Inequality Within the New Deal

Inequality Within the New Deal - Onyale Donloe TA Justin...

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Onyale Donloe TA: Justin Norris Inequality within the New Deal Critics on the left have disputed that the New Deal did not grant Americans equal access to aid. These criticisms about the New Deal are fair because the New Deal did indeed benefit some Americans more than others. Although the New Deal did benefit many people in the United States, some programs excluded different groups of Americans while providing support and aid to others. Due to this exclusion, the New Deal reinforced existing inequalities between men and women, black Americans and white Americans, and farmers and industrial workers. To begin with, Franklin Roosevelt was elected in 1932, amidst the fall of the American banking system. Roosevelt had promised to confront the crisis “frankly and boldly”. Franklin Roosevelt’s plan to provide government aid had two parts: the New Deal and the Second New Deal. The root of the New Deal experiment consisted of two programs: the NIRA and the AAA. The NIRA, also known as the National Industrial Recovery Act, brought business leaders together to write out codes to promote “fair competition” within their industries. These codes acknowledged workers’ rights to set up unions, established production restrictions, arranged salaries and working conditions, and prohibited pricecutting and deceptive competitive actions. With these policies in place, it was believed that consumer spending would rise and allow industries to hire more workers. The AAA, or the Agricultural Adjustment Act, was a program that offered payments for reducing the production of crops in order to curb excess farm production and raise the decreasing crop prices. In some states, like the Dakotas, the money received from government payments was a majority of total farm income for 1934. The New Deal also included relief programs in which federal dollars were used to put Americans to work and to allow them to earn a fair wage. The Civilian Conservation Corps (CCC) employed young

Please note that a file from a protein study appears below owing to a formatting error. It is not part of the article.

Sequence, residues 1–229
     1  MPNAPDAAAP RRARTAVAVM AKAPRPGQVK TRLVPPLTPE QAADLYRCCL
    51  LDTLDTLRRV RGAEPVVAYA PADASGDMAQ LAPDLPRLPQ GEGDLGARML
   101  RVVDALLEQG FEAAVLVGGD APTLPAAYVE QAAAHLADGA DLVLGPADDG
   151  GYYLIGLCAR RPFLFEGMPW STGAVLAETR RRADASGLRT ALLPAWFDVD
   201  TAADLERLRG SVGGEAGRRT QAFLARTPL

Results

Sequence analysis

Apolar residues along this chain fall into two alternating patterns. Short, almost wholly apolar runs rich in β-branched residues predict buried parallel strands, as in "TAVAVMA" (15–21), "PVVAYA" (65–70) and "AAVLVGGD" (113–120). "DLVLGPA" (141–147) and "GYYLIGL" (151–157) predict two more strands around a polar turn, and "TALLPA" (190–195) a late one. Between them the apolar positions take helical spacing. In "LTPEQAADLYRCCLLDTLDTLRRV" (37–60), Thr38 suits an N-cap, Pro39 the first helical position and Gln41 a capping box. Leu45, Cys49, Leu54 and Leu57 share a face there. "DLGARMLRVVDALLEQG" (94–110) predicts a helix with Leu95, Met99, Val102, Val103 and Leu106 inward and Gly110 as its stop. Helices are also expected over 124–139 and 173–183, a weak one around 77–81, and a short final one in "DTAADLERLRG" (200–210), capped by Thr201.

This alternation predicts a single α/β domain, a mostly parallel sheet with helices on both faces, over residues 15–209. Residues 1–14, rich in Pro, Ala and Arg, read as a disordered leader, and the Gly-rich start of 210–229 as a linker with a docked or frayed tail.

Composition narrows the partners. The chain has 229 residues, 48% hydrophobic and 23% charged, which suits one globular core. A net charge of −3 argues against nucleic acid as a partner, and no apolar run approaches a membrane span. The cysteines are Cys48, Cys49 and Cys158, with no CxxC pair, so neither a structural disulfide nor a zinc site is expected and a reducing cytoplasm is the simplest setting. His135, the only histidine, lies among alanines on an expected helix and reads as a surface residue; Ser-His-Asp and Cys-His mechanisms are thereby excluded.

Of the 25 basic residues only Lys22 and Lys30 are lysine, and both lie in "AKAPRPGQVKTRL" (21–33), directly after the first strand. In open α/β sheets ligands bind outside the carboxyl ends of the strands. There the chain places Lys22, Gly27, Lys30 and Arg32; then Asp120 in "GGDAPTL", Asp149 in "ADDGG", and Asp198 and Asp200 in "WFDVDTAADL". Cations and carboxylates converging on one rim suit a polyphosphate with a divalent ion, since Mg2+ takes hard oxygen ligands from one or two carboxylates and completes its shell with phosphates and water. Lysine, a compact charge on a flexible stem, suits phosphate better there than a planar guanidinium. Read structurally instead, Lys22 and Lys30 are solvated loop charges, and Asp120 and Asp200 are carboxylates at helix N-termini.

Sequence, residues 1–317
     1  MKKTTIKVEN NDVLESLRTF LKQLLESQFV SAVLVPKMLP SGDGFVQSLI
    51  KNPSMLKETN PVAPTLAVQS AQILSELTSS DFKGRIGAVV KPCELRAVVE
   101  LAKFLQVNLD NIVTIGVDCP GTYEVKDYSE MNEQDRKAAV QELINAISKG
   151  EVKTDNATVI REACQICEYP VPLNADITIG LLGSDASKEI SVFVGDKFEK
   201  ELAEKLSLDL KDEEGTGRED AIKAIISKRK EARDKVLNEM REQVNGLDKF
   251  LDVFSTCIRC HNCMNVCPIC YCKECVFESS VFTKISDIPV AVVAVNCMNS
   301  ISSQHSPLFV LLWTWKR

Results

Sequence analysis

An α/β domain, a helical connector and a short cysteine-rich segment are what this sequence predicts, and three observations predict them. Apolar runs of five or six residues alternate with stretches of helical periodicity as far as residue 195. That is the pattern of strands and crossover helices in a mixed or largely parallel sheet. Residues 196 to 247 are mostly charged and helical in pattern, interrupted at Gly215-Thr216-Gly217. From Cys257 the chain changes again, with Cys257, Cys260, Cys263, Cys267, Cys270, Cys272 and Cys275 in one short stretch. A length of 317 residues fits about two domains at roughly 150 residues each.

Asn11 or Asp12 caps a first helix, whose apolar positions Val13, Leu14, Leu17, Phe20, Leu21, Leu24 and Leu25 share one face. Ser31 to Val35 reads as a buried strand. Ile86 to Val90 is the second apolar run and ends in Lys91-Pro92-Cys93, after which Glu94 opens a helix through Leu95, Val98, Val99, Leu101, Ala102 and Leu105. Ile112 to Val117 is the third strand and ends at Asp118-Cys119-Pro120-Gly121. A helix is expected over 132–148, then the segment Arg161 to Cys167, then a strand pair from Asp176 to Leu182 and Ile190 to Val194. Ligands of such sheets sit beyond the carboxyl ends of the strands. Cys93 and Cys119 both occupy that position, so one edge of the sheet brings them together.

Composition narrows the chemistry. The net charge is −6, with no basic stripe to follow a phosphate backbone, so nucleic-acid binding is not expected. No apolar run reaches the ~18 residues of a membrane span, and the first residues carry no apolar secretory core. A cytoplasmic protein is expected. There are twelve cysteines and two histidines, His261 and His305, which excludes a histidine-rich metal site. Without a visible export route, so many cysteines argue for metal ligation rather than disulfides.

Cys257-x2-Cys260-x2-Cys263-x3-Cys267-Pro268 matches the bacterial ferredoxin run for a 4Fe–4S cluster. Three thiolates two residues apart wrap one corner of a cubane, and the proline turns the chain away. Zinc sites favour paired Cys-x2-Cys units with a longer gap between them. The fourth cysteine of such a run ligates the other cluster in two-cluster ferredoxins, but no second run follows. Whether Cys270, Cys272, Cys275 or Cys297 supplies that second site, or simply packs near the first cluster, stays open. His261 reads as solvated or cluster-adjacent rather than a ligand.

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men to work on government projects. The CCC employed 2.5 million men and the Civil Works Administration employed 4 million people. The Public Works Administration (PWA) was another relief agency that was a part of the New Deal. This program allocated 3.3 billion dollars
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